One of the pieces of legislation Gov. Charlie Baker tapped as among his priority bills for the waning days of formal sessions -- a package of municipal government and finance reforms -- inched closer to his desk after clearing the Senate Wednesday evening with the inclusion of language redefining how liquor licenses are issued.
The liquor license language was not included in the House version of the legislation (H 4419), putting the two bills on track for a conference committee where six lawmakers will need to iron out differences, drawing features from the House and Senate bills.
The version that cleared the Senate 40-0 contains over 200 sections, many of which update laws "to reflect current practice," Sen. Barbara L'Italien said during debate on the bill (S 2410).
"Suffice it to say that we are trying to make the jobs of our cities and towns easier, to be able to do the work that they do," said L'Italien, an Andover Democrat who co-chairs the Joint Committee on Municipalities and Regional Government.
Originally filed by Baker, the bill changes procurement laws, repeals county government finance reporting requirements, allows the electronic issuance of motor vehicle citations and lets municipalities enter joint-powers agreements to provide regional services, among other provisions.
The initial bill Baker filed sought to allow municipalities, except Boston, to set the quotas for liquor licenses issued to restaurants, bars and other facilities that allow on-premises drinking.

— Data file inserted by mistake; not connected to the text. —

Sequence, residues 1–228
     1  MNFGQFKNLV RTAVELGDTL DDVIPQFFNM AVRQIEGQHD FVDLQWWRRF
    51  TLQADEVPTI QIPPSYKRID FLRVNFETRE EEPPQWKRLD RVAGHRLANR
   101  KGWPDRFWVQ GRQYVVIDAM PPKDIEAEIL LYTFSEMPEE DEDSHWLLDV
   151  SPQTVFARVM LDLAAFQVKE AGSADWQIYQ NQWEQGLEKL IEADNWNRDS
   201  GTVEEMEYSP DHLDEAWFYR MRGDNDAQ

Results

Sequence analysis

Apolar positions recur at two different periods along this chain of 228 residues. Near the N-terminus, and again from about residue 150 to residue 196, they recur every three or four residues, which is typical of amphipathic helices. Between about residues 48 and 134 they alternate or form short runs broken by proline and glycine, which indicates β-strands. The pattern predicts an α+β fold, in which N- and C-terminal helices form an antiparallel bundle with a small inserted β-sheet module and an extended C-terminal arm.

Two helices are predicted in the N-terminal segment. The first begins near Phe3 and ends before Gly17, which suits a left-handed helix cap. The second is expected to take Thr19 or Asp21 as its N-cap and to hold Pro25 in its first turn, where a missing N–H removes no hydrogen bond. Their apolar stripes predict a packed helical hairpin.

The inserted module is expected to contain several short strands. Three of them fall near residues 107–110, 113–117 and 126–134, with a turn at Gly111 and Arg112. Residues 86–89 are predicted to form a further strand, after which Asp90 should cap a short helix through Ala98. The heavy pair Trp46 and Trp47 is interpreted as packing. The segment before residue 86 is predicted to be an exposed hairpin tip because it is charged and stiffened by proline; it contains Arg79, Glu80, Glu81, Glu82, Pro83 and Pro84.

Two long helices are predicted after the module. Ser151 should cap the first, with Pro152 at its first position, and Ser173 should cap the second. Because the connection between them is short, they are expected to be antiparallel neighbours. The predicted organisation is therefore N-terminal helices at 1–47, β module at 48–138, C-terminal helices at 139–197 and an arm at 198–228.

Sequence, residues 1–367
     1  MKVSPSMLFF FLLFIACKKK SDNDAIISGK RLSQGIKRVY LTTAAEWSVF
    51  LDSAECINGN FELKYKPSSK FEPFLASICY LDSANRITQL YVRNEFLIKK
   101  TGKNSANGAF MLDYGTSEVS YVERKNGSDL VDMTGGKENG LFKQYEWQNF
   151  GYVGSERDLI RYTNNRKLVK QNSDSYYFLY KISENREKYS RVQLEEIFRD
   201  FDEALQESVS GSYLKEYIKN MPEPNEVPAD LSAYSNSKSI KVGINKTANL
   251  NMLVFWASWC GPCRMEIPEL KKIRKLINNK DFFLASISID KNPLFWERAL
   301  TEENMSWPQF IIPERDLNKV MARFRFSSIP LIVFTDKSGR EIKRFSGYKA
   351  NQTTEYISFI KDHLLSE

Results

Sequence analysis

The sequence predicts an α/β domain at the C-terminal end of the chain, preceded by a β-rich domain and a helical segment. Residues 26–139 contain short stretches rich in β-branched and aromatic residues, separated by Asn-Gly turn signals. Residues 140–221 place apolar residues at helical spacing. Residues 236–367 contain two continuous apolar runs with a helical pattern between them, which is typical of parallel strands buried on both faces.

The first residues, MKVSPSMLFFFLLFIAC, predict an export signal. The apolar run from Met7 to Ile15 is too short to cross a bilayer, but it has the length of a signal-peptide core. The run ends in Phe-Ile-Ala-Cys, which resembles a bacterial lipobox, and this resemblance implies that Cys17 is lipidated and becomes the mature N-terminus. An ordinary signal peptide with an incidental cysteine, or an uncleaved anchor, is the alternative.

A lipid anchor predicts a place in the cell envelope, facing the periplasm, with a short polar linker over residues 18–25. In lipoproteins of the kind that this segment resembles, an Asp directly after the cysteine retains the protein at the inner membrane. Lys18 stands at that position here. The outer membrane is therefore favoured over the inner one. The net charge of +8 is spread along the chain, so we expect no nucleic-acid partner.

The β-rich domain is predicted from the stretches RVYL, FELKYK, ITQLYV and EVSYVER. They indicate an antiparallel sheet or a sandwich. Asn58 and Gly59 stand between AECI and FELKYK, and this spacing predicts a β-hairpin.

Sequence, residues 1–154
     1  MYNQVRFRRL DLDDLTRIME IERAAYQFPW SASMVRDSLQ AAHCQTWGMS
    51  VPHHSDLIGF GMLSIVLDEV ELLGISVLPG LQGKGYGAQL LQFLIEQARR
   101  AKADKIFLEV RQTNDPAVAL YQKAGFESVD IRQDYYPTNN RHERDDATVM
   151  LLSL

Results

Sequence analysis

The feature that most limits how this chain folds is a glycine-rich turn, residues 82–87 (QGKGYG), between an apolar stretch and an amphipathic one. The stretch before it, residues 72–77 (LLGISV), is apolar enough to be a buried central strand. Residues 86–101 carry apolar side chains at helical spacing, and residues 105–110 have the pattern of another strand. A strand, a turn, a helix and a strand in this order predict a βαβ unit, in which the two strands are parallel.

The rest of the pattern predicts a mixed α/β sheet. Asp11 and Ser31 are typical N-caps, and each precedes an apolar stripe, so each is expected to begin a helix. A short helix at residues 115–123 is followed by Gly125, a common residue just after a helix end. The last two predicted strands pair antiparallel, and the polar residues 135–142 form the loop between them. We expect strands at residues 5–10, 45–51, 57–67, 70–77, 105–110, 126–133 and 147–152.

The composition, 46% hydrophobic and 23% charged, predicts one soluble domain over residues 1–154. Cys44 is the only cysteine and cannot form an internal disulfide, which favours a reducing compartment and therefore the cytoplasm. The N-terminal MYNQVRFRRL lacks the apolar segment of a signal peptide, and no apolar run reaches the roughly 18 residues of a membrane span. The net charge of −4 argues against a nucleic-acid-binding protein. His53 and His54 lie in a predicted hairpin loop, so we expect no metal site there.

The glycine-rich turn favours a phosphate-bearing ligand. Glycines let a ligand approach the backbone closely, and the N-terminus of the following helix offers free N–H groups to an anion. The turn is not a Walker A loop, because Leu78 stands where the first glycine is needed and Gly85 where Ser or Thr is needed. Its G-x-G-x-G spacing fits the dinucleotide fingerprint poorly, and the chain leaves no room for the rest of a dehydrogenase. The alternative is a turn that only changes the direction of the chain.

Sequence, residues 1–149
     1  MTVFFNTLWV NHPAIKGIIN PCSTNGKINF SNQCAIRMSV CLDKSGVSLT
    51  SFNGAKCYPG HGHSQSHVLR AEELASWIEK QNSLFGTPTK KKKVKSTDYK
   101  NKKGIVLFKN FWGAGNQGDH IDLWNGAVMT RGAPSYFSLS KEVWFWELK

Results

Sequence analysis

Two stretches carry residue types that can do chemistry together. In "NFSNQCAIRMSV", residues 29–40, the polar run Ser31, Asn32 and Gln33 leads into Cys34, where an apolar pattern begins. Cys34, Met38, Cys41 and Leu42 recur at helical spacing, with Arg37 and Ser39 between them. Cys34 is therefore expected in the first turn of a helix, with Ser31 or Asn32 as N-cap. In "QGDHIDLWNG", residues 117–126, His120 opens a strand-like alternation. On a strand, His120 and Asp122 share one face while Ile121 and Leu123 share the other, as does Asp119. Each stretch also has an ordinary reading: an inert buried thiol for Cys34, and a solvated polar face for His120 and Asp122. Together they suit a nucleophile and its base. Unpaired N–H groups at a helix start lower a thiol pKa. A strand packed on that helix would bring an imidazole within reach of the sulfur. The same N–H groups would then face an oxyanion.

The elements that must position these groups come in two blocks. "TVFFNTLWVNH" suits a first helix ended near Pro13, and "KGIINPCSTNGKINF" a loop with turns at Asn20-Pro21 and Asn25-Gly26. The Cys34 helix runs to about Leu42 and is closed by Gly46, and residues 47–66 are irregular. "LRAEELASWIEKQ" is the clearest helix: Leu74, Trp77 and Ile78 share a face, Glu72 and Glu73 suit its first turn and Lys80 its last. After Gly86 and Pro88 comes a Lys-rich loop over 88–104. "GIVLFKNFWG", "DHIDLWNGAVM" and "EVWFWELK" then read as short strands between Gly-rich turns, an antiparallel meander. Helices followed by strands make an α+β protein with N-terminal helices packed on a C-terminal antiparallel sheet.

The bill that passed the House was silent on the issue of liquor licenses, but the version put forth by the Senate Ways and Means Committee mirrored Baker's proposal to increase local authority over the number of licenses.
Under current law, communities that reach their liquor license quota must petition the Legislature for additional licenses. Lawmakers frequently pass bills authorizing the extra licenses, including one last week (H 4184) that would allow 65 new licenses in Somerville.
By adopting an amendment from Dorchester Democrat Sen. Linda Dorcena Forry, the Senate rewrote the liquor license section of its bill. It now says, "A city or town shall determine the number of all alcoholic beverages and wines and malt beverage licenses to be issued by its local licensing authority," no longer containing a restriction on the city of Boston.
Forry's amendment was adopted around 6:45 p.m. without debate on a voice vote.
Speaking in support of a rejected amendment that would have removed the liquor license sections from the bill, Sen. Patrick O'Connor said he believed lifting the quota system could hurt existing businesses by driving down the value of liquor licenses.
"It's my opinion that a lot of liquor license holders currently in Massachusetts have no idea that their businesses may be at risk right now with language in this bill," the Weymouth Republican said. "I believe the liquor license quota system was created -- definitely was created -- by the government, and it inflated values, and now the government wants to break up a system that they created, they built up, and they allowed to gain value."
Sen. Joan Lovely, a Salem Democrat, sponsored an amendment that would have allowed municipalities to charge for liquor licenses, which was also rejected.
Baker on Monday named the municipal modernization bill as one of the "big six" items remaining before formal sessions end for the year on July 31, along with energy, economic development and pay equity legislation and bills regulating the ride-for-hire industry and restricting non-compete agreements between employers and employees.